“Craft must have clothes, but truth loves to go naked.”

I recently learnt, that Malcolm Mclaren, of Sex Pistols fame, wrote that above the doorway to Vivien Westwood’s King’s Road Fashion Shop, SEX.

I learnt this from Jeremy Waite’s excellent Ten Words PodCast (Episode 3) and to come full circle he very cleverly linked this quote to one from Mark Twain.

Clothes make the man. Naked people have little or no influence on society. - Mark Twain

“Clothes make the man. Naked people have little or no influence on society.”

-o-

i3 Gen is a specialist consultancy that brings together Business Marketing with Military Strategic Communications and Information Operations. The combination of which brings added insights and value to both civilian and military clients.

We believe that to Influence we must first gain Interest, and to do that we gather Intelligence, before, during and afterwards.

We’d love to hear your story! Why not get in touch?

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What type of marketer are you, Preacher or Missionary?

You have probably heard the expression, “Preaching to the Choir!” or variants of that phrase?

So that we are on the same page, or to stay within metaphor — ’reading from the same hymnbook’…

Preaching to the Choir means that your audience is already convinced and is on message, therefore, unless you are objective is to reinforce the message and build deeper understanding and agreement, there is little more to be achieved. Good examples of this are the huge get-togethers that the likes of Apple, Salesforce and Microsoft hold (many others do so too).

When discussing Messaging for marketing, I build and extend this metaphor as follows, and to be clear, I intend no religious content or offence here either.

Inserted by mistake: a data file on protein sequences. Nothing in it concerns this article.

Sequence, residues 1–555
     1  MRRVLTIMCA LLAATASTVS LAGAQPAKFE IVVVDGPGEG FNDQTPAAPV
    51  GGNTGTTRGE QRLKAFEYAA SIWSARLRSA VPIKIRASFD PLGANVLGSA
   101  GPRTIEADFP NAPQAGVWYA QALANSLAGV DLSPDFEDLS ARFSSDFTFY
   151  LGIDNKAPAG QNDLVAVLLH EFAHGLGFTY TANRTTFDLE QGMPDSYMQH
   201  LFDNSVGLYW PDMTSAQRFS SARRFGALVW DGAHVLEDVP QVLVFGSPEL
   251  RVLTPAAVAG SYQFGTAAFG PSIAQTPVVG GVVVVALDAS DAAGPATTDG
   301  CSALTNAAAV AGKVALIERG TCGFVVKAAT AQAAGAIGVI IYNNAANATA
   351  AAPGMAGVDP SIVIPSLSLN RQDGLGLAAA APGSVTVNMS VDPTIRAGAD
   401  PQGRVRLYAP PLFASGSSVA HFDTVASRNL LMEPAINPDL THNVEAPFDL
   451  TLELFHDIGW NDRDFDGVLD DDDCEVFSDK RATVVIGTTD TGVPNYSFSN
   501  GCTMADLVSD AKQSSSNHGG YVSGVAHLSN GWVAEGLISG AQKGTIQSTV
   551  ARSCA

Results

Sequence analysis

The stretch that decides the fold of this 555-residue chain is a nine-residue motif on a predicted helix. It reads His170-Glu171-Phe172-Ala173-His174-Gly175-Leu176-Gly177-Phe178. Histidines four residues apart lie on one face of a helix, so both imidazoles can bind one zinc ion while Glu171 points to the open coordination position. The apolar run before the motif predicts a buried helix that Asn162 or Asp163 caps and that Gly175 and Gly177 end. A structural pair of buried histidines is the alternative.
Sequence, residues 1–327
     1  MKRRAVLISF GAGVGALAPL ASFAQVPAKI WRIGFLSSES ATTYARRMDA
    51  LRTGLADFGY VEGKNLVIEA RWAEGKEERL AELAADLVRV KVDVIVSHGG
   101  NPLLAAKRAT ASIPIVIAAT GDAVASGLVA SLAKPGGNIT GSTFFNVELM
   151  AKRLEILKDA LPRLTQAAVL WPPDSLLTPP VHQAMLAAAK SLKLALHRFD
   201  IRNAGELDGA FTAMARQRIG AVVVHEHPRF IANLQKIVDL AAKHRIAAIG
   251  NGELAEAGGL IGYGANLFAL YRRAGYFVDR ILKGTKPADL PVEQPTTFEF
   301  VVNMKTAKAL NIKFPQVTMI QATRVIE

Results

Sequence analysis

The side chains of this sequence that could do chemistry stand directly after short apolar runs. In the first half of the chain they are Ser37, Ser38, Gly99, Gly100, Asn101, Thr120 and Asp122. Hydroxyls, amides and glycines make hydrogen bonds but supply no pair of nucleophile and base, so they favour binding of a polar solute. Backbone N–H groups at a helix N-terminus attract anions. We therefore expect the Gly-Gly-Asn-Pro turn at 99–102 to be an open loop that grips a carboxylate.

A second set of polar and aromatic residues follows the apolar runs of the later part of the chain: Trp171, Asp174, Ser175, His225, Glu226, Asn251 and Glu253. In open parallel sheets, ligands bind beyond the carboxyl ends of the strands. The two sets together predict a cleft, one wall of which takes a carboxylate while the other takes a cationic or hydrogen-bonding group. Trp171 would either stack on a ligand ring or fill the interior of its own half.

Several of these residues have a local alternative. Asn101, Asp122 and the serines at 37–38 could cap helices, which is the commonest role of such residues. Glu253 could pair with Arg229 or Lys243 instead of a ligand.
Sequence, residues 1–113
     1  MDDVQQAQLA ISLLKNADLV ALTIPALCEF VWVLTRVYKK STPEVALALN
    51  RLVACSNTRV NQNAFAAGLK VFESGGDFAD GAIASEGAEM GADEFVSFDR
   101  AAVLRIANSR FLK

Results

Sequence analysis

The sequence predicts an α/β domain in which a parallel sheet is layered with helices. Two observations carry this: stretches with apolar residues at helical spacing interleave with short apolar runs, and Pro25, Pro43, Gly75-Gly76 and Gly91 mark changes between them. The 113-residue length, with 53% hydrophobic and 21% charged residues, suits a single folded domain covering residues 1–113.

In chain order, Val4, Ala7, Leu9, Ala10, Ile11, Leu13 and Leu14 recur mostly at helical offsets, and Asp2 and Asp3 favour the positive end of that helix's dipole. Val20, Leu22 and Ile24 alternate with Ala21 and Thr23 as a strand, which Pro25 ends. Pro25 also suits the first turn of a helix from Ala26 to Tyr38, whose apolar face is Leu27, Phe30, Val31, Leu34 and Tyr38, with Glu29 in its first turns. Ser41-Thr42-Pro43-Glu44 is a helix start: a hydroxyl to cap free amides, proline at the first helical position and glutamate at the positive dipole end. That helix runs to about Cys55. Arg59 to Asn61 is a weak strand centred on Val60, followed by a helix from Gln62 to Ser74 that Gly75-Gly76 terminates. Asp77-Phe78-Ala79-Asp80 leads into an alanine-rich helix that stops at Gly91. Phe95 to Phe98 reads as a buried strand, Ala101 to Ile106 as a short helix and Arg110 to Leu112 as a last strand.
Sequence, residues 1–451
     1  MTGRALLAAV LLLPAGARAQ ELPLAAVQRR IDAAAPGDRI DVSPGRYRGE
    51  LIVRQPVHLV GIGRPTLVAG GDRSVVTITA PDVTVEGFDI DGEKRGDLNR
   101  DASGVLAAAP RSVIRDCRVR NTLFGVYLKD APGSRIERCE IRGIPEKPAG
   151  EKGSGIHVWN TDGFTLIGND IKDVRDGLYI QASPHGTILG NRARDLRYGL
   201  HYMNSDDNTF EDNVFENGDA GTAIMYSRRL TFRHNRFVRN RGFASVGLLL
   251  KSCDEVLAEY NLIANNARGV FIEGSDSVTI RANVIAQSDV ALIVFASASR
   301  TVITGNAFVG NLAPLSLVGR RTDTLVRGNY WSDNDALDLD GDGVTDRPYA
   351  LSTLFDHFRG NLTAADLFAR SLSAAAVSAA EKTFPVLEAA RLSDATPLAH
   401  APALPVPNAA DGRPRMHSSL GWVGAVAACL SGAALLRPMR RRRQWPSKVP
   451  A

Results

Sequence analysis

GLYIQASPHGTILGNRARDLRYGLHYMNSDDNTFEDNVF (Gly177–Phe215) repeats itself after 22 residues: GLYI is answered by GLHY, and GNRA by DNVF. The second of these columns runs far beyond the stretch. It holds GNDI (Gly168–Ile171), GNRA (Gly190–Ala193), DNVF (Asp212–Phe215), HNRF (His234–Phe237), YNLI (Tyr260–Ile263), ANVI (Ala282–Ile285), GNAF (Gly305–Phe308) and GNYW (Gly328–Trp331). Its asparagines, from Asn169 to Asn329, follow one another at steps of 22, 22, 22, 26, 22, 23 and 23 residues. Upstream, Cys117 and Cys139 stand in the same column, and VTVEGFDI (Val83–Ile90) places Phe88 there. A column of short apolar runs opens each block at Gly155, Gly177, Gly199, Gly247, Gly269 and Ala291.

We can consider our potential audience as broadly divided into those ‘inside the church’ and those ‘outside the church’; the church being those who already agree with our Point of View and those outside are people whom we might want to convince to come inside.

Inside the church, the audience can be divided again into the Choir and the Congregation. Needless to say, the Choir are our strongest supporters; they need little attention to stay with us, yet often the Choir gets the most of our attention. The Congregation are also on message, but perhaps a little less dedicated; they need a bit more of our attention, however, if we treat them well and we meet or exceed their expectations, then they will stick with us too.

It does not take much to see our close communities as being inside the church; perhaps our leaders, employees, strategic partners and maybe our reference customers are all like the Choir? The Congregation would be made up of our customers, partners, suppliers, influencers and other supporters.

Most marketing messages and content I look at seem to be targeted at our closest two communities, those inside the church, and we are like a Preacher; delivering our messages to a willing, warm and receptive audience. We know how to speak to them, we have a common understanding and shared perspective. It is comfortable to do this and understandable. We certainly shouldn’t ignore these communities, after all, we do not want them leaving the church, especially when we are frequently told with another marketing cliché that “it costs many times more to acquire a new customer than it does to retain existing ones.”

However, if we need to grow our market or extend our influence beyond these close-in communities, then we must venture outside the church. We must, in essence, take on the role of a Missionary!

The audience outside the church is vast and dispersed, and the further away they are from us the harder we have to think and work to reach them; this is part of the reason it costs ten times more! We need to spend time understanding their perspective; their values; what’s important to them; what and who influences them; where do they gather and very importantly we need to understand how to speak to them! We then need to spend time establishing our credentials; build trust and understanding; gain permission to talk to them about our message and why it is relevant and valuable to them.